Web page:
Eugene artist Ray Kraut refers to himself as a luthier, a term used to describe someone who either makes or repairs stringed instruments.
Kraut may only have time to build a dozen or so guitars in a given year, but the value of his crafting skills has been sustainable since he moved to the Pacific Northwest. Based in the studio of a home that he now rents to tenants, Kraut works roughly ten hours a day for nearly two or three months on each guitar before he finally views the instrument as finished.
The difference between Kraut, an independent craftsman, and a major manufacturer can be found in his process. Kraut says larger guitar companies (e.g. Martin, Gibson, Taylor, etc.) build for mass quantities of production and have standardized styles for each of their guitars.
Kraut spends significantly more time with each instrument than many other craftsmen can afford to take with a single instrument.
In order to remain productive, however, Kraut works on two or three guitars at the same time. He may be working on shaping the mold of a guitar on the same day that he’s finishing the neck of a separate guitar.
Perhaps the most challenging part of Kraut’s crafting process is obtaining his favorite wood for the body of his instruments: Brazilian rosewood.
“Each piece of wood has a different stiffness rating,” said Kraut. “Depending on the looseness of the wood, the base creates a different sound and needs to be treated differently.”
Brazilian rosewood is considered to produce the most ideal tone for all stringed instruments. The wood was so popular with artisans and furniture makers, however, that it became overharvested.
In the mid-1970s, the CITES (the Convention on International Trade in Endangered Species of Wild Fauna and Flora) treaty was enacted. According to CITES.org, the treaty was enacted to “ensure that international trade in specimens of wild animals and plants does not threaten their survival” and has all international trade subject to certain controls.
Kraut and other craftsmen have to follow strict laws to get the wood. For example, many suppliers harvest the wood from a tree that naturally fell down. Kraut has also heard of people that bought old South American properties in order to remove the particular rosewood from the beams. Kraut has taken trips to various parts of the world just to obtain the wood.
Kraut also works with many other types of wood as well. The back and sides of his instruments use wood from across South America and Africa. He features Italian wood on the soundboard, which makes up much of the sound for the guitars. In order to create the binding on each of his instruments, he uses African ebony. For the design on the front of the body, his preferred wood is Sitka spruce.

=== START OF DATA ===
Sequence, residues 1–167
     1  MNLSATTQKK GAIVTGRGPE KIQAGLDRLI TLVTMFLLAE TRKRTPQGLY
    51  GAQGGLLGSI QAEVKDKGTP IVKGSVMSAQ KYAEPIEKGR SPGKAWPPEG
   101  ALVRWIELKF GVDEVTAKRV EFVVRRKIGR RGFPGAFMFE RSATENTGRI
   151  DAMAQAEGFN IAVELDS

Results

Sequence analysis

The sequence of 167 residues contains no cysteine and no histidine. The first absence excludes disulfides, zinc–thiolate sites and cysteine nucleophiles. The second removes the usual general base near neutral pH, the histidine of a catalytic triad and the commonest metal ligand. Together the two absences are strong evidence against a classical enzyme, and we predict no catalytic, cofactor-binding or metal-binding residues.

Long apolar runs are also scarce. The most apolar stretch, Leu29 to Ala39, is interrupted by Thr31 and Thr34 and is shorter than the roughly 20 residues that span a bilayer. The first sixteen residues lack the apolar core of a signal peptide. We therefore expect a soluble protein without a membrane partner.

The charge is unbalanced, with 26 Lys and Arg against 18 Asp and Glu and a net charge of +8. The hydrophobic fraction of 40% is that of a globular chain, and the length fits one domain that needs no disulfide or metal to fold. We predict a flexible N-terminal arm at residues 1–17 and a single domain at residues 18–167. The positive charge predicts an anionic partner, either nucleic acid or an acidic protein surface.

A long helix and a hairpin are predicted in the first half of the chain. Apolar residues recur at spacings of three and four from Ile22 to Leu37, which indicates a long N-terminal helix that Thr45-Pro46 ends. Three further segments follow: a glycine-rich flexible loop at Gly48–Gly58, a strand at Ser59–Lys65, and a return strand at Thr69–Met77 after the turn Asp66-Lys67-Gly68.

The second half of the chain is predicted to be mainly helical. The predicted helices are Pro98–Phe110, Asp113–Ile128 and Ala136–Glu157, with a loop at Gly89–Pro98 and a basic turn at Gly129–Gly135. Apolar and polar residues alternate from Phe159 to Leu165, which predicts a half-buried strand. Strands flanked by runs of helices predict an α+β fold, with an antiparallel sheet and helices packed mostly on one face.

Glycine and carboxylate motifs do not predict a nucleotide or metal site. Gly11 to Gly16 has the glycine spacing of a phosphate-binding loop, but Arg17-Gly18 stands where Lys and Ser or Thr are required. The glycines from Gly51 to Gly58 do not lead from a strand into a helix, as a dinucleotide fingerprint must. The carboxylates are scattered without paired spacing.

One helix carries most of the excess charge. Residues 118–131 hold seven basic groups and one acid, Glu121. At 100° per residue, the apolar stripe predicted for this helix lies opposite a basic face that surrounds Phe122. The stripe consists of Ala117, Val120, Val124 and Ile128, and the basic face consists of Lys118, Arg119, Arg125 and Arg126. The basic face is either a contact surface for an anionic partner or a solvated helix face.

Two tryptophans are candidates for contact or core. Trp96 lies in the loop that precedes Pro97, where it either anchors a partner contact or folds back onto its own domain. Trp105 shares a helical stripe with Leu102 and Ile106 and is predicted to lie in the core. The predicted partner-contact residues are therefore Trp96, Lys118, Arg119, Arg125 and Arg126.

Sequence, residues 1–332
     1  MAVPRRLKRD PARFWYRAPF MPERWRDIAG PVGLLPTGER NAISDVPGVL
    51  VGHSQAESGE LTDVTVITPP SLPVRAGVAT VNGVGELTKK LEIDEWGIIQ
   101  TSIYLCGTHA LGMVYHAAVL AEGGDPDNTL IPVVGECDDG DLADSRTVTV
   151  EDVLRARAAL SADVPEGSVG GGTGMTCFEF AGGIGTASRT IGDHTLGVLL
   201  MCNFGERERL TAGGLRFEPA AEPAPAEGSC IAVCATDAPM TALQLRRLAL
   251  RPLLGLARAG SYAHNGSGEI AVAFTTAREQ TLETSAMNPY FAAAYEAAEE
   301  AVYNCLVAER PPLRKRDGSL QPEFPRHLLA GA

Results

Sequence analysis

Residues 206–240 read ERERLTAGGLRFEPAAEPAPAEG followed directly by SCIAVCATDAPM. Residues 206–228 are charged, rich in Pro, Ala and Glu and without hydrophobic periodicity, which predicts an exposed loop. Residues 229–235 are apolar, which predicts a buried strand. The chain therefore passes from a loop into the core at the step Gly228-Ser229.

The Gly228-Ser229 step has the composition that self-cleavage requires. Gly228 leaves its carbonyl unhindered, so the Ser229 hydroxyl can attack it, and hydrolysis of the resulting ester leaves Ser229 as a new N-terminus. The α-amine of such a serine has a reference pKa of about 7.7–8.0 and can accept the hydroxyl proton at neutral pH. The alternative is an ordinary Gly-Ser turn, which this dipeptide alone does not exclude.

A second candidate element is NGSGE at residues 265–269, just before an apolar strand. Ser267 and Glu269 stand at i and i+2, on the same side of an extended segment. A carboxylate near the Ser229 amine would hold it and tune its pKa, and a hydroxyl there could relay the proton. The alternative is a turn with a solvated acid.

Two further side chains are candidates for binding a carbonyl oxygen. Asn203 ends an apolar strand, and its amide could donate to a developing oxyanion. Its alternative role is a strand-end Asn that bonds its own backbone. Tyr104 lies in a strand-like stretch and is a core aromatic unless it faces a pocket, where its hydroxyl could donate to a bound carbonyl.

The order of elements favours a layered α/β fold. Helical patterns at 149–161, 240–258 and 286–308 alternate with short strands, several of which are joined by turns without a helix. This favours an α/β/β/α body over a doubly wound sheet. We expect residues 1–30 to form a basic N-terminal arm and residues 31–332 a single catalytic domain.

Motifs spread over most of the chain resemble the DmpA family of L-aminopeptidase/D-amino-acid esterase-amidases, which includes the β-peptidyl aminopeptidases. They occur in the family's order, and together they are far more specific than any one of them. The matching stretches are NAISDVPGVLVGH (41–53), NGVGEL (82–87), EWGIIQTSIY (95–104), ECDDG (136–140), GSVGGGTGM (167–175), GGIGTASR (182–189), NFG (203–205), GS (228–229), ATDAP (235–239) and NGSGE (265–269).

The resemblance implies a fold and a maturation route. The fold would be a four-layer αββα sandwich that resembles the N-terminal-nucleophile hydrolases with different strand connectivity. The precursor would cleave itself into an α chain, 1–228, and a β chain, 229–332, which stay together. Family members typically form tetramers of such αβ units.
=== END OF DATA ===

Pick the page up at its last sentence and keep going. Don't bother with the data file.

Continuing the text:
He is one of the few remaining craftsmen to use the dovetail method when building the necks of his instruments. This method uses a self-compressing joint that connects the neck of the guitar to its body. The advantage is that it does not screw a single bolt into the guitar. Kraut prefers the dovetail method because it does not add any extra weight on the instrument.
“Everything you do when building a guitar has an extreme impact on its sound,” said Kraut.
Because sound is created through the transfer of energy, Kraut explains that adding a bolt blocks sound from passing through the body. The dovetail joint, however, is self-compressing. It allows a more fluid “voice” to pass through the instrument without any disruption.
Additionally, Kraut sculpts the “braces” on his instruments to allow effective energy transfer. Braces are the wooden planks that structure the back of the guitar and hold the instrument together.
Kraut then rests the mold of his instrument on top of the body. Next, he seals the two together with weightless “shellac” glue. The glue comes from the shell of a lac beetle.
While Kraut is known for his association with his longtime mentor Ervin Somogyi, from Hungary, Kraut is considered to be a more affordable alternative. The base price is roughly $9,000 for one of Kraut’s instruments, but he remarks that upon completion a client will typically pay $12,000 to purchase one of his guitars.
When building a guitar, Kraut says that there is always more to think about. He explains that two of the most important aspects include the structural integrity of the instrument as well as the actual sound that it will produce. He hopes to produce unique qualities in his craftsmanship, and he spends hours working with clients on perfecting each design. Kraut prides himself on never reproducing the same design on two different instruments, and penciled sketches of ideas can be found in nearly every inch of his studio.
For Kraut and craftsmen around the world, process is how he gets from an initial sketch to a beautiful, finished guitar.